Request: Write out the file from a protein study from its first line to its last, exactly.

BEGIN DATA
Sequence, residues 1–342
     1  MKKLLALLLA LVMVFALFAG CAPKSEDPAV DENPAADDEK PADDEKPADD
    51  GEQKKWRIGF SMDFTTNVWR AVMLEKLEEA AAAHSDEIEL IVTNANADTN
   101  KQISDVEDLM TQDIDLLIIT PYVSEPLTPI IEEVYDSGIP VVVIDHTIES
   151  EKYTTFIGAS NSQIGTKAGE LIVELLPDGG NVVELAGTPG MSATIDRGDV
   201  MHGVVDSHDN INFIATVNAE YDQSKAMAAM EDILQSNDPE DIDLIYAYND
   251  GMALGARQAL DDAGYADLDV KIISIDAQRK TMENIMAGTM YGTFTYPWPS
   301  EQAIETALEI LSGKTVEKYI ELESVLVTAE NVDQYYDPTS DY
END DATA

Sequence, residues 1–342
     1  MKKLLALLLA LVMVFALFAG CAPKSEDPAV DENPAADDEK PADDEKPADD
    51  GEQKKWRIGF SMDFTTNVWR AVMLEKLEEA AAAHSDEIEL IVTNANADTN
   101  KQISDVEDLM TQDIDLLIIT PYVSEPLTPI IEEVYDSGIP VVVIDHTIES
   151  EKYTTFIGAS NSQIGTKAGE LIVELLPDGG NVVELAGTPG MSATIDRGDV
   201  MHGVVDSHDN INFIATVNAE YDQSKAMAAM EDILQSNDPE DIDLIYAYND
   251  GMALGARQAL DDAGYADLDV KIISIDAQRK TMENIMAGTM YGTFTYPWPS
   301  EQAIETALEI LSGKTVEKYI ELESVLVTAE NVDQYYDPTS DY